Headlines today paint a bleak picture of the future of the financial advisor model as more people adopt robo-advisors for their investment needs. The narrative is reduced to a high stakes, winner takes all battle for the very future of investment portfolios, pitting man versus machine in some sort of post-apocalyptic dystopian financial world.
But could the robo-wars be won without firing a single shot? If we look at the history of technological disruption in finance and professional services, I believe we’ll see financial advisors allying with robos to join together in the quest for efficiency.
Consider a comparison to the launch of TurboTax in the late 1990s. At the time, TurboTax was said to disrupt the CPA industry. Why would anyone pay an accountant to submit their 1040 every year when automated software is available to do it for you?
TurboTax did not become a great disruptor of the accounting profession but rather a great tool. Today accountants use TurboTax to file their clients’ returns. Why is this? Because we are all just a service provider in the investment stack where investor is at the top. We can run complex computations using super computers, but in the end it is about servicing the investors in the most efficient and transparent manner.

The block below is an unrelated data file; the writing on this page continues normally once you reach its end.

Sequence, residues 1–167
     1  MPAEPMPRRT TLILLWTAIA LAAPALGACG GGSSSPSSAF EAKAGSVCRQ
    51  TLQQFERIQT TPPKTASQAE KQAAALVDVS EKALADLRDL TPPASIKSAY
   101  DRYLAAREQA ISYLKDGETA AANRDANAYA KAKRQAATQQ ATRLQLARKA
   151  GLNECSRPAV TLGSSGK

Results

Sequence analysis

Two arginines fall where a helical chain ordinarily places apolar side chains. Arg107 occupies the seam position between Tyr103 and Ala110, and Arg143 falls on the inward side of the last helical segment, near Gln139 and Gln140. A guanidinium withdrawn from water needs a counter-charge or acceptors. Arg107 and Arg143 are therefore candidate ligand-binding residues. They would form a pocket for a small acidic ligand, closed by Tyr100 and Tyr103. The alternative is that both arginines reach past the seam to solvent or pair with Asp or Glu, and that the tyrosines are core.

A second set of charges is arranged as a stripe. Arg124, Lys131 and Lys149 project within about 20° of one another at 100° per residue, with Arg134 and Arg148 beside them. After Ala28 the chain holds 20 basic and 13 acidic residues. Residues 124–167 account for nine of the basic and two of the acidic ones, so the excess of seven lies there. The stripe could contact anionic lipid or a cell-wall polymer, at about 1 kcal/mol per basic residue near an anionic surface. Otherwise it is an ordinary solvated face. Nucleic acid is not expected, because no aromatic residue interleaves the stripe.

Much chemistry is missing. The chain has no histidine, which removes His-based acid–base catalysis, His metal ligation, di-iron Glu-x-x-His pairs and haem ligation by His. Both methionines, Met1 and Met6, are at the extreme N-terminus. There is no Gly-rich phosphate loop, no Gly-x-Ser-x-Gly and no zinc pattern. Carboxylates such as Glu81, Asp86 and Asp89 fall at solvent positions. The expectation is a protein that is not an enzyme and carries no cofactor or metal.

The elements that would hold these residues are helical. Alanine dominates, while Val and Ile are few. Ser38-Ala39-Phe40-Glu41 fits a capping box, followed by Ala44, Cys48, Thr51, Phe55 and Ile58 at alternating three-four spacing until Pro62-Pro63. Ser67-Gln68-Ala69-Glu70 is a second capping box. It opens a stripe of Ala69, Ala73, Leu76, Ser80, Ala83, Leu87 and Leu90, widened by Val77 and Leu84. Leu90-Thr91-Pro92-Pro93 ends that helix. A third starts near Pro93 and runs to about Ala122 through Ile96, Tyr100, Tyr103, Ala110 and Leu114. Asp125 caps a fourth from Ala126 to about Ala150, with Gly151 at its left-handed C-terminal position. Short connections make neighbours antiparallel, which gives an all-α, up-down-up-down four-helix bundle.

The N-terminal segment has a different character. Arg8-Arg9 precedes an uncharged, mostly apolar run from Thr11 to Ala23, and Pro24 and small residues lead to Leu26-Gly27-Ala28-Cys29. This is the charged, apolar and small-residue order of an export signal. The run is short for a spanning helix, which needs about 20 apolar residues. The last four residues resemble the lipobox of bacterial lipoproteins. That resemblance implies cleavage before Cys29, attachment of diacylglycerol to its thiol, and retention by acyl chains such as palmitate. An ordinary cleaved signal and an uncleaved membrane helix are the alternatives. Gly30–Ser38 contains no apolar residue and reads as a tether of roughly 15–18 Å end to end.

Ripe for Disruption
Financial advisors today should see robo-advisors in much the say way: a service provider to their business to assist with the parts of investment allocation that are ripe for disruption. For some advisory clients, the investment needs may be relatively simple and not worthy of an advisor’s time. If a sample investor is 30 years old without a family to consider, an allocation to all-stock index funds and bond portfolios may cover most of their investment needs. In this example, a complimentary robo-advisor offering could help form a relationship with a client that may otherwise head to Google and leave their financial planning up to the company with the greatest SEO.